I always enjoy reading comments from Phil, but in this case I think Sheila makes an excellent point regarding unfair comparisons between public and private spending.

It seems to me that the level of city service use (plows, police, fire, parks) will be roughly the same if the city employees are overpaid, underpaid, or paid just right. Beyond a certain point, the quality of service would perhaps vary with city employee pay, but the use should stay roughly the same (or so I think based on no real evidence). Assuming the same quality of city services, there is no price/performance feedback as there is in a private service industry. If Joe the Plumber (sorry) does a good job for $200 and Fred the Plumber does an equally good job for $100, the market sorts that out (hehe, unless Union goons come and hit Fred in the knee with a pipe). If the city does a good job plowing, it's hard to tell if you could have gotten the same good plowing for less money without a market comparison (and comparing to the salary of other cities isn't a fair comparison since they might all be too high). Elections take years to provide indirect feedback. I suppose City Council meetings and Budget Advisory groups offer some feedback, too, but it's not really the same as the direct feedback as seen in the private sector.

Phil, however, makes a great point that the city's role in certain services should always be examined no matter how the overall economy is performing. I'm not saying the city should turn to a private plow service (I have no idea if that would be cheaper), but there are plenty of odd things the city does that it probably shouldn't be doing.

phil said...


I think you misunderstood my comments. I wasn't suggesting that the City should take no action on wages this year. And, my market discussion was merely a response to what I thought (perhaps incorrectly) was your point--that the City should lay-off or freeze wages based on what certain private sector employers are doing as reported in the paper. Those employers are making market-based decisions and something tells me that every single one of them would much rather keep their employees and give raises this year. Those are hard decisions which are having powerful impacts on people.

I agree that the City is a monopoly provider of services. And, I also agree that public/private comparisons have extreme limitations. I don't think i've ever suggested to the contrary.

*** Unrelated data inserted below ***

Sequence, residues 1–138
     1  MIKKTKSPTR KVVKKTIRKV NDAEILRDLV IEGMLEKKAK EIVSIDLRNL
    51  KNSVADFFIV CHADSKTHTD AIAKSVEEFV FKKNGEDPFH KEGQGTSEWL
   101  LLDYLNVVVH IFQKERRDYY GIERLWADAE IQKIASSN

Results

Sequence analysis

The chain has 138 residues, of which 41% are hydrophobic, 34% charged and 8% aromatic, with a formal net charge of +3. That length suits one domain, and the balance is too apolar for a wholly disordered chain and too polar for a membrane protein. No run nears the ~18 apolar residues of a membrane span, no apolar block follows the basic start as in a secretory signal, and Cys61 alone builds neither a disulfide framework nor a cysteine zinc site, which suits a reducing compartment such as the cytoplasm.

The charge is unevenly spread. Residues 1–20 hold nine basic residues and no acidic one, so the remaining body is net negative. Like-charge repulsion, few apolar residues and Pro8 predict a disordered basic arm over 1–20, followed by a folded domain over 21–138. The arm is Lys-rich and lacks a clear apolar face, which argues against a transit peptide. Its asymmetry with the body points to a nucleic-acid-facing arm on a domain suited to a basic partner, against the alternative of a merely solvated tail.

Further your comments address precisely how i've already phrased the issue which i think the Council needs to address this year--what is the obligation of a City (beyond avoiding waste, etc.) in times such as these? Does the fact that we have a stable source of revenue mean that we should be distant from current economic conditions? I think the answer is clear--of course not. But, the real debate, and it will be a hard one, is what actions we should take, keeping in mind that any actions we take on compensation will have impacts beyond the balance sheet.

But, as i said in my first post, whatever action the City takes needs to be the result of a thoughtful process. To me, compiled empirical data of wages and other economic data will be far more impactful than what the STrib reports Best Buy is doing.

I don't know how to fully respond to Jim's "overpaid/underpaid" comment. I can tell you that for positions which have private sector comparables, such as civil engineers and planners, that we pay less than the private sector. But, there is no real helpful measurement tool for police officers or snow plow drivers. Our evaluation of comparables for those types of jobs tends to be other governmental employers.

Sheila said...

Great- I'll look forward to watching the analysis...but I have a real, sneaking suspicion that we'll end up with a big pat on the back for EP (as usual) for how great we're managing things and how we're right in line with where we need to be.

My simplistic notions are why I'm not an elected official I suppose.

"Thoughtful processes" are wonderful and they sound good- it would be great to think that liberals (and moderates) would respect fiscal conservatives and work with us to reduce spending because we're so thoughtful- but they don't and they won't.

And do such processes ever achieve meaningful reform of government (specific to reigning in spending)? I can't come up with too many examples. What process is required to say- freeze salaries at 2008 levels for one year?

Goose said...